Megachile (Trichurochile)

Taxonomy

Family: Megachilidae
Subfamily: Megachilinae
Tribe: Megachilini
Genus: Megachile Latreille, 1802
Subgenus: Trichurochile Titus, 1906
Common name: none

Overview

Megachile (Trichurochile) have black or red integument and pale white to yellow-gold hair on their body. They range in body length from 10–12 mm (Michener 2007).

Diagnostic characteristics

(modified from Michener 2007; Gonzalez 2008)

May be confused with

Female Megachile (Trichurochile) may be confused with bees within the subgenus Megachile (Austromegachile) due to both groups having white apical hair bands under the sternal scopa (Michener 2007). Female Megachile (Trichurochile) have complete white apical hair bands, whereas Megachile (Austromegachile) have broken bands. Male Megachile (Trichurochile) can be differentiated from other Megachile subgenera by the hair-filled emargination of the T6 carina (Michener 2007).

Host associations

Megachile (Trichurochile) have been observed collecting pollen from Asteraceae, Begoniaceae, Lamiaceae, Melastomataceae, Solanaceae, and Styracaceae (Harter et al. 2002; Raw 2007; Mouga et al. 2012).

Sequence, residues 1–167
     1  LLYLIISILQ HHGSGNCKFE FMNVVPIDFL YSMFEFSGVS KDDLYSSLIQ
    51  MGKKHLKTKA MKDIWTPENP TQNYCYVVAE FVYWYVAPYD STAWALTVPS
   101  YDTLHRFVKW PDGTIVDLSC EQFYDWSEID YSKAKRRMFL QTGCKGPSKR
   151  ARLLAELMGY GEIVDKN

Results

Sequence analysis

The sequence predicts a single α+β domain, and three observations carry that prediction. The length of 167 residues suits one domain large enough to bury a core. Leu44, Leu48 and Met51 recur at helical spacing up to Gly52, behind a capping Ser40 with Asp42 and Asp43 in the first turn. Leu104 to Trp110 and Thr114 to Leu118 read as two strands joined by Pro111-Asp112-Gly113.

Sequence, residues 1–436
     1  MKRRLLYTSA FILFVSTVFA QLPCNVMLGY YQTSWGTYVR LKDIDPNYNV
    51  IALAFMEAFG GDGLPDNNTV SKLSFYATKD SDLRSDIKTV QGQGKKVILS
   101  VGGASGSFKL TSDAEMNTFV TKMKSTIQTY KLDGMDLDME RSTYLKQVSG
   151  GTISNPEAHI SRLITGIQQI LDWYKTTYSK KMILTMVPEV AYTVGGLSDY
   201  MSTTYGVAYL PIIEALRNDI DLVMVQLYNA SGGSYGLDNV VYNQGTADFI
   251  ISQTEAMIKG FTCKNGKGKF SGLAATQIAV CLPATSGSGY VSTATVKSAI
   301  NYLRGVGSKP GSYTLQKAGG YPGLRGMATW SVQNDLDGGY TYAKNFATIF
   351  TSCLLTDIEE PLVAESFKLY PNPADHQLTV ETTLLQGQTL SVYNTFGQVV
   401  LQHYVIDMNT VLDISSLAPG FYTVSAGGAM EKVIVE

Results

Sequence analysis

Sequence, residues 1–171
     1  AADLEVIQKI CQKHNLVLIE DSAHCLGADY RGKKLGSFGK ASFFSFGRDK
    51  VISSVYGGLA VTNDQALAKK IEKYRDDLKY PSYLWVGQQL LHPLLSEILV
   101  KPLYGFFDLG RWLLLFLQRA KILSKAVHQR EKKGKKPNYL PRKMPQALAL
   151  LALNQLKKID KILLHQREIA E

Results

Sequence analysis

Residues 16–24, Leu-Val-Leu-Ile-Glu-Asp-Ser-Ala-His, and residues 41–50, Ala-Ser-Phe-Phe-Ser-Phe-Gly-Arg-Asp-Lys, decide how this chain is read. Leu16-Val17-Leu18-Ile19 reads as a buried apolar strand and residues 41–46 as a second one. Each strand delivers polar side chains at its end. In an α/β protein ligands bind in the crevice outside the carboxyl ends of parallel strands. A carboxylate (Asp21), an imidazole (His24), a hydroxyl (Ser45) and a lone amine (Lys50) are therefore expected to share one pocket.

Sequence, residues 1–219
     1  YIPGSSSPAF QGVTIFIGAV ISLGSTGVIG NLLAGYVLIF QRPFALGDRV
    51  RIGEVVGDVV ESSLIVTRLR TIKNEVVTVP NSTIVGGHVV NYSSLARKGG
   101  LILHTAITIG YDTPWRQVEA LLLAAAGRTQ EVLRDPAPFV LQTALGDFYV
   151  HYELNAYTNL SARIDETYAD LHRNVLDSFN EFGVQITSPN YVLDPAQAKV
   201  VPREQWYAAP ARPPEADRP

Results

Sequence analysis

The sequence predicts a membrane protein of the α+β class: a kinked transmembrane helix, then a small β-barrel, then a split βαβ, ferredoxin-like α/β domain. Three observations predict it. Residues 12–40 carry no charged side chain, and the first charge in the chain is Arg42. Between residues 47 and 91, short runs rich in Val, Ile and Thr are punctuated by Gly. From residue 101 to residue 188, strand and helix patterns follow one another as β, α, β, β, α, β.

Nesting behavior

Megachile (Trichurochile) have been observed lining their nests with cut leaves (Raw 2007).

Diversity

Megachile (Trichurochile) consists of five species; none are known to occur in the U.S. or Canada (Raw 2007).

Known invasives

There are no known invasives.

Distribution

Megachile (Trichurochile) are found in South America where they have been collected in Brazil, Paraguay, Bolivia, and northern Argentina (Michener 2007; Raw 2007).

Distribution
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<p><em>Megachile (Trichurochile)</em> sp. male face, photo: Chelsey Ritner</p>
Megachile (Trichurochile) sp. male face, photo: Chelsey Ritner
<p><em>Megachile (Trichurochile)</em> sp. male lateral habitus, photo: Chelsey Ritner</p>
Megachile (Trichurochile) sp. male lateral habitus, photo: Chelsey Ritner
<p><em>Megachile (Trichurochile)</em> sp. male abdomen, photo: Chelsey Ritner</p>
Megachile (Trichurochile) sp. male abdomen, photo: Chelsey Ritner
<p>Megachile (<em>Trichurochile</em>) sp. male apical terga, photo: Colleen Meidt</p>
Megachile (Trichurochile) sp. male apical terga, photo: Colleen Meidt